So I wonder, then, if the issue of improper marriage isn’t really the issue. I wonder if Mark is causing us to think about something else. His placement of this story here, right after the return of the apostles from their first missionary trip might indicate what this is really about. I think we are being invited to reconsider what it means to be successful. Mark does so by contrasting the worldly success of Herod with kingdom of God success in John and Jesus’ disciples.

Think about this: Herod has everything. He’s a powerful king with advisers to give him the best advice, an army to protect him, more money than he could spend in multiple lifetimes. He throws a dinner party for the most powerful people in Israel—others who are just as successful as he is. The CEOs, the Cherry Creek Country Club set, the people who wield power and authority, who are the movers and shakers. And they all come! Herod has what most of us work our entire lives to attain: he’s the poster child of success.

Especially when you compare him to John who sits alone and imprisoned and poor, helpless, unable even to save his own life.

Herod throws a party for the most powerful people in the country.

Jesus had just sent his disciples out with no bread, no bag, and no money.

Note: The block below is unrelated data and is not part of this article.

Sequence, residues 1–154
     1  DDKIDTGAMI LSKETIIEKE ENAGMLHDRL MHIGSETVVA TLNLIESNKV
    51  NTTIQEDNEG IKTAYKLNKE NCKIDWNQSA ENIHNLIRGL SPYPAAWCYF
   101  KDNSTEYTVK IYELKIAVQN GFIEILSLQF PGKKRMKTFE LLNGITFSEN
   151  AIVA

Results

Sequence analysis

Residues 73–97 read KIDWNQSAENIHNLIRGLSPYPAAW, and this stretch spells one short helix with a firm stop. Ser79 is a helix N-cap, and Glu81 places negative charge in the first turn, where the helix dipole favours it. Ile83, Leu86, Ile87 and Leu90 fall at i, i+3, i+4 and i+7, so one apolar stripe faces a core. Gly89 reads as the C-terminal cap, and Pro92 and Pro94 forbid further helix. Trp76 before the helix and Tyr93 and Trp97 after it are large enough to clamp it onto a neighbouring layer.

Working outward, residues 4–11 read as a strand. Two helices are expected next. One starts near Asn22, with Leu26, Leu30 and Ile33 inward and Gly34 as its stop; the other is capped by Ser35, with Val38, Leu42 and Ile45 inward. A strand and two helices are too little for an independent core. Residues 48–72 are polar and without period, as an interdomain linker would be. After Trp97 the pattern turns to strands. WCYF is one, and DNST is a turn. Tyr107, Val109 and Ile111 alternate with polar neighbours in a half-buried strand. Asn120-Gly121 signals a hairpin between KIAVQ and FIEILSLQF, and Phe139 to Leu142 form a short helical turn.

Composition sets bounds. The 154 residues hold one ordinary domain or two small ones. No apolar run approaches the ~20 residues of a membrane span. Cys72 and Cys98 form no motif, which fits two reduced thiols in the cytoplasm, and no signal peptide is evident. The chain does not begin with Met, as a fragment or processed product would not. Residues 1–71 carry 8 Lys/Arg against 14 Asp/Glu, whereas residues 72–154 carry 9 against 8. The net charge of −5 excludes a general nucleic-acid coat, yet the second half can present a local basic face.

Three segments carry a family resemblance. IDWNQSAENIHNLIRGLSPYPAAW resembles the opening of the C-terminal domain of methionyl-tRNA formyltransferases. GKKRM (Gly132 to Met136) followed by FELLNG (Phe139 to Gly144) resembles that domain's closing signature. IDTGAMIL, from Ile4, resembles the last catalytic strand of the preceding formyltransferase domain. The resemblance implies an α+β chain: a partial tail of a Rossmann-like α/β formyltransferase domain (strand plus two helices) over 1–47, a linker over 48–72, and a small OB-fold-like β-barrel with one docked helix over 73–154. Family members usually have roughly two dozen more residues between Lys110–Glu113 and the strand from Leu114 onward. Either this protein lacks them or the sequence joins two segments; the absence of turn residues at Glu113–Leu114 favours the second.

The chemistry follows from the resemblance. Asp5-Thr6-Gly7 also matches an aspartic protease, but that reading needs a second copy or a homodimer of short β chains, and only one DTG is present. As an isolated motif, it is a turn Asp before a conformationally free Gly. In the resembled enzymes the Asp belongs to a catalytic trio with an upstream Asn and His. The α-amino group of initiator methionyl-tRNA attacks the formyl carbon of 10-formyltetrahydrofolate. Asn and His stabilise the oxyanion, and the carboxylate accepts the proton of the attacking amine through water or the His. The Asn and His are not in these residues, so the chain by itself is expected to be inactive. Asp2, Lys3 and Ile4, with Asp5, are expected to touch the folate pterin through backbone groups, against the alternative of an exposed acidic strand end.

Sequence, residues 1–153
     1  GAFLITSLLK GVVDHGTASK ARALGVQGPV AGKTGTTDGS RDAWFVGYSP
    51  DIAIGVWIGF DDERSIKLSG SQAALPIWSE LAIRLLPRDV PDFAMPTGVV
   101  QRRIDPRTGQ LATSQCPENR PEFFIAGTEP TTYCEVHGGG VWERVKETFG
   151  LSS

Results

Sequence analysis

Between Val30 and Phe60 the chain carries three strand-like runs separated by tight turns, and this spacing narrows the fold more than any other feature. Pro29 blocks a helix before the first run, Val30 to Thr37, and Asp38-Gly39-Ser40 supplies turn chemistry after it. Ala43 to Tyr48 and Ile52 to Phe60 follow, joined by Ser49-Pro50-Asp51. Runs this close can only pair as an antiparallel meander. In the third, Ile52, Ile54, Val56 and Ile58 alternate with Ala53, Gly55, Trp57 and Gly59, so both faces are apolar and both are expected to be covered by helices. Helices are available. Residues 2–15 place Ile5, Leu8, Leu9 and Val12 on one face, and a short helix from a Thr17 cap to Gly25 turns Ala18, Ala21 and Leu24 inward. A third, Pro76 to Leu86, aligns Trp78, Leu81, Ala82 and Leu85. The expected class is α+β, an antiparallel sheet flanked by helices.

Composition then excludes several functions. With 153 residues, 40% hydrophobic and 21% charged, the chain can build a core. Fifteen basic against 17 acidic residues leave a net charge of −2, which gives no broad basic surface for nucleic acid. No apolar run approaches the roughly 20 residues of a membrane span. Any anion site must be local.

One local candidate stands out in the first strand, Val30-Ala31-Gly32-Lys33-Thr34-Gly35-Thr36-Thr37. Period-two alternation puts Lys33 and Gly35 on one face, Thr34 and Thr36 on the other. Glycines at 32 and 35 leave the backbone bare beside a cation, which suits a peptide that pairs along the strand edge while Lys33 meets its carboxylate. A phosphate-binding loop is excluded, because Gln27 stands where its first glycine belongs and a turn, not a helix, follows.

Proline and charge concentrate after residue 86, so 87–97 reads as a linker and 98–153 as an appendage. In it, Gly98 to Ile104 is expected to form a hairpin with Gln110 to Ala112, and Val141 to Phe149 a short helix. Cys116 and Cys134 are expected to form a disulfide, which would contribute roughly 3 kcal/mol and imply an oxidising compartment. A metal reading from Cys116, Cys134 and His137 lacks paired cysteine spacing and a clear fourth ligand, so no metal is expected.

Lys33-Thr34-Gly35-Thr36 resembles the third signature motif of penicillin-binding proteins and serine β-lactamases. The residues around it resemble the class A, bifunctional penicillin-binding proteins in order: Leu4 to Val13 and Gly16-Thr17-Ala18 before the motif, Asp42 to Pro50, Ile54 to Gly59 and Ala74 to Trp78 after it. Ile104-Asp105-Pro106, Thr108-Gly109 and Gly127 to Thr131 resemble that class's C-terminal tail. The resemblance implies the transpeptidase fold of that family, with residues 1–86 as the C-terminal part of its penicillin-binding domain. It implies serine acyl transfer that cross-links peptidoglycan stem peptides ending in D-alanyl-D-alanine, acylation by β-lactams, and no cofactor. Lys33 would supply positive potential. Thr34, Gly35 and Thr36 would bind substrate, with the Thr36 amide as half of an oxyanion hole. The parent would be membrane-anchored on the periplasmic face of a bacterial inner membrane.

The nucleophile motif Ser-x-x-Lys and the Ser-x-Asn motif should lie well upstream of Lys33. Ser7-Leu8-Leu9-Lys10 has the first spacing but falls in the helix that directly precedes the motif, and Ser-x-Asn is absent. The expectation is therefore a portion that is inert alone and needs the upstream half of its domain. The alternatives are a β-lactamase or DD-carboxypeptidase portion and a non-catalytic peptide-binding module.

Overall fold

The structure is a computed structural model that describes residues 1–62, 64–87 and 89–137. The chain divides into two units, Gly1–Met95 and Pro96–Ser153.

If nothing else, this text causes us to step back and reconsider what success really is. Influence for our own sake or significance for the world’s sake.

Those of us who recognize Jesus as savior, or even those who merely follow his teachings, we are confronted with two views of success. And it seems that the measure of success is who benefits: the powerful or the poor, the movers-and-shakers or the helpless, ourselves or the world. Right now we at LCM give away 10% of our offerings to help those beyond the walls of this church. That’s good! How about we try for 15%? According to this text, that would be a better measure of success than simply how big our budget is.

Even as significant as it is to give away more money, that’s still a narrow view of this text. I think there’s good news for us when we’re feeling powerless. Success is still possible for us when we feel like we aren’t accomplishing anything or getting anywhere. When we feel like John, when we feel we’re helpless, alone, and imprisoned by things beyond our control, the good news is that that’s not the indicator of our worth or our significance.

John was armed with nothing more than truth. So he spoke it. Jesus sent his disciples out with nothing but his authority, and they made a significant difference to those they were sent to. When you’re feeling like you aren’t making a difference, Jesus indicates otherwise. Right now, think of one person you’ve touched with love or forgiveness or generosity. That’s the risen Jesus at work in you. That’s success.

 
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Posted by on July 19, 2012 in Sermon